One of former President Donald Trump’s supporters may have TikToked themselves into federal charges. A TikToker recently posted what many are calling evidence that they’re using a fake COVID-19 vaccine card, which is a federal offense.
In the TikTok, unearthed by @thatdaneshguy (Danesh), @notsamantharose17 asks, “Who in there still hasn’t been vaccinated?” She approaches the camera and mouths, “Me.” Then she lip syncs as “What You Gonna Do About It?” plays.
In Danesh’s stitch of @notsamantharose17’s TikTok, he pops onto the screen and replies, laughing: “Quite literally report you to the FBI for a fake COVID vaccine card.”
“But why would you challenge this? Your information is on the card. Look.”
The Daily Dot was unable to contact @notsamantharose17 via multiple social media platforms. A direct message sent to her via TikTok generated an automatic reply that her account is “temporarily blocked from receiving messages due to multiple community guidelines violations.”
She has since deleted the vaccine card TikTok. In another TikTok, @notsamantharose17 wears the same outfit in the same room and dances to Brooks & Dunn’s “Neon Moon.” She also appears in the same outfit on multiple Instagram posts.
In March, the FBI issued a public service announcement warning that it’s a federal offense to make, sell, or use a fake vaccine card. The announcement was prompted by an increase in people selling fake cards online or making them at home.
As the Daily Dot recently reported, Danesh has previously gone viral for using TikTok to crusade against child abusers.
Danesh told the Daily Dot via Twitter direct message that while he agrees getting vaccinated is a personal choice, pretending to be so can be harmful.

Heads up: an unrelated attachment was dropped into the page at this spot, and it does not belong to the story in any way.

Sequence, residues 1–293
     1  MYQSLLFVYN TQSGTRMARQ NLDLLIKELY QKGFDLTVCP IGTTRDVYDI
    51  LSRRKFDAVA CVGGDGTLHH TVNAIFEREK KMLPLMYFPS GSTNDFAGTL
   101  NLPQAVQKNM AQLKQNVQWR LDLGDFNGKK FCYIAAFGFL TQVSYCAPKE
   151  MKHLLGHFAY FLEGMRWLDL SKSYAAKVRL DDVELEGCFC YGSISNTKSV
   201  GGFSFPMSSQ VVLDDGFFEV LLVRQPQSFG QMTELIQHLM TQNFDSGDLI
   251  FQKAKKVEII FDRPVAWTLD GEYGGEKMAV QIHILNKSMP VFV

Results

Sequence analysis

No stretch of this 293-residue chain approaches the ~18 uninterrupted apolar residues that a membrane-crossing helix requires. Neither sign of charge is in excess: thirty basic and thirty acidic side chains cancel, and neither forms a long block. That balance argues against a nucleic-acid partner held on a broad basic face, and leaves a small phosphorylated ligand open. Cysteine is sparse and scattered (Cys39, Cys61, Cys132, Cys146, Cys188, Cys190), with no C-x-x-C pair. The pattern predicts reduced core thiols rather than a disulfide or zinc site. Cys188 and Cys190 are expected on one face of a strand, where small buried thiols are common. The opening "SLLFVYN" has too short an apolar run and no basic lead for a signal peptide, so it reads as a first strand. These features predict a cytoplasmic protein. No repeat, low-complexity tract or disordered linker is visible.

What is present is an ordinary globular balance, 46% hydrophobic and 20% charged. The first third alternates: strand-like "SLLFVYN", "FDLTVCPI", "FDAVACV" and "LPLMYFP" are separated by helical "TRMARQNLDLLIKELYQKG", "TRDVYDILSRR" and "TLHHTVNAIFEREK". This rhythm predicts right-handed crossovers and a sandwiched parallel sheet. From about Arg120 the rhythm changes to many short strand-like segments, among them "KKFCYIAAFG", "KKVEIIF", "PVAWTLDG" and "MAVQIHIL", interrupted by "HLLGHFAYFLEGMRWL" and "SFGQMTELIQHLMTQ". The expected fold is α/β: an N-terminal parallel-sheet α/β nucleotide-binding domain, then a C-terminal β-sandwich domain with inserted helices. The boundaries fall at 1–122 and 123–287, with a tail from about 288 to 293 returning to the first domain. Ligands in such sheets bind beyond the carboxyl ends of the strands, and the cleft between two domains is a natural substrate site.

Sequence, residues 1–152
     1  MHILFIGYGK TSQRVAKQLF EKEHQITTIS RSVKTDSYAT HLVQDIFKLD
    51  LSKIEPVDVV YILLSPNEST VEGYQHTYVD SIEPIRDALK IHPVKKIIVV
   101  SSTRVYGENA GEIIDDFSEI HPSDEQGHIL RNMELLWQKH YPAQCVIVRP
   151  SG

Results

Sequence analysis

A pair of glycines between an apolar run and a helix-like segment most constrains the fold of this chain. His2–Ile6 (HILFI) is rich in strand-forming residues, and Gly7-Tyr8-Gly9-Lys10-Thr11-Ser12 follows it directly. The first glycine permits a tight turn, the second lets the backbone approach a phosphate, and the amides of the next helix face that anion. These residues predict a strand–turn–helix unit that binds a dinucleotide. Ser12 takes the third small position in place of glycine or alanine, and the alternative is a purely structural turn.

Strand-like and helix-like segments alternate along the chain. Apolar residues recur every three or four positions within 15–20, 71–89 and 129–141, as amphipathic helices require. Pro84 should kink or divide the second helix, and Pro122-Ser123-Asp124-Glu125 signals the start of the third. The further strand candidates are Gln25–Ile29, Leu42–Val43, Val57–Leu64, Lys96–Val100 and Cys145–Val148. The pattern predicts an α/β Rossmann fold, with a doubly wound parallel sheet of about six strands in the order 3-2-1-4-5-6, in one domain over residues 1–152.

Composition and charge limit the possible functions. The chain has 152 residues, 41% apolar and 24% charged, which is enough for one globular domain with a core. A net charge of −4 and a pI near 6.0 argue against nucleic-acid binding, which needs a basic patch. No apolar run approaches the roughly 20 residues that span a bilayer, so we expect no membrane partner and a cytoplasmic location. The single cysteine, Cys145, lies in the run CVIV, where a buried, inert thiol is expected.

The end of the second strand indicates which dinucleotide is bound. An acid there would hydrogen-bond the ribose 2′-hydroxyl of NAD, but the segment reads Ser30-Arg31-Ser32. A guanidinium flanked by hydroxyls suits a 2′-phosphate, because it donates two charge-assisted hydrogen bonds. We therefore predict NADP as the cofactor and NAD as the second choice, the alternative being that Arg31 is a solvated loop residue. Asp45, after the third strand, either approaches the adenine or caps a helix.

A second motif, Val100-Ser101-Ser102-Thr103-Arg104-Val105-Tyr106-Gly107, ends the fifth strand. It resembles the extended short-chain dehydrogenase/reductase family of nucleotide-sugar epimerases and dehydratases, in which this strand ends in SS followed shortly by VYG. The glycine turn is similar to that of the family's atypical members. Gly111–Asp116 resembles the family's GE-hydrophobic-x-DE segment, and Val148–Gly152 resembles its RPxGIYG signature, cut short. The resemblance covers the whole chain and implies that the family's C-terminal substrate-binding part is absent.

“She is using a fake vaccination card to deceive guidelines at public events (like a concert she recently went to according to her Instagram) where there will be other people there who she is making a medical choice for,” he said. “Vaccinations reduce the chance of spread, but not completely so when she’s ignoring guidelines and spreading it to others, she is responsible for the people she infects.”
His stitched TikTok of the alleged fake vaccine card video went massively viral, racking up 11 million views as of this writing. Versions he posted on Twitter and Instagram have been watched hundreds of thousands of times cumulatively.
Danesh said he was surprised that this TikTok went viral. “It was the least work I’ve ever had to put into a single video and it is now my highest viewed video on multiple platforms.”
Many commenting on his TikTok have taken it upon themselves to tag the FBI in comments and reposts. Mostly people are stunned and amused that someone TikToked what they describe as incriminating evidence.
“She thought she did sumn,” one TikToker said.
“If you’re gonna advertise crimes, be more secret!” commented another TikToker.
The sarcasm was particularly rich on the Parler Watch subreddit.
Being convicted of using a fake vaccine card carries a penalty of up to five years in prison and a $5,000 fine.
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